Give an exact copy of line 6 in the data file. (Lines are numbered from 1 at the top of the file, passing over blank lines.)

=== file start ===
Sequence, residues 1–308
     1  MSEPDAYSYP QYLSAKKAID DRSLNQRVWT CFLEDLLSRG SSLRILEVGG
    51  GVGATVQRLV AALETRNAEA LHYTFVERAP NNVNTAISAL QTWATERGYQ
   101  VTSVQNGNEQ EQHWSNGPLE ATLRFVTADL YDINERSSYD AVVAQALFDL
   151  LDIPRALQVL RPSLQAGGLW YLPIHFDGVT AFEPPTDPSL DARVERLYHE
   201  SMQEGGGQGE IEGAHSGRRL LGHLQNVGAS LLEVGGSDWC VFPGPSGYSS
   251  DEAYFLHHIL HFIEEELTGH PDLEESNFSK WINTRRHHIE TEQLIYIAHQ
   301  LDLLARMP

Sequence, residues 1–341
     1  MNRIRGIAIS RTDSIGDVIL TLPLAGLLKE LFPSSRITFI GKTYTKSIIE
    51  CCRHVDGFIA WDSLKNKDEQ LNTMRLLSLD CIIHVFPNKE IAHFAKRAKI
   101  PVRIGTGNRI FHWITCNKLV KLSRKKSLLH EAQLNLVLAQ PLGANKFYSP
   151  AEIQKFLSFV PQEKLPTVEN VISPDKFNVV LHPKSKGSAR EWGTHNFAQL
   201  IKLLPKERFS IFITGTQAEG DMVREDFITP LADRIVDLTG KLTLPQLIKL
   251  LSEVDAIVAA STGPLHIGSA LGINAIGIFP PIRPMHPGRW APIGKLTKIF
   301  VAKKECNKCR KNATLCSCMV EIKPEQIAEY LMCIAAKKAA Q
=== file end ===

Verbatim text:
   201  SMQEGGGQGE IEGAHSGRRL LGHLQNVGAS LLEVGGSDWC VFPGPSGYSS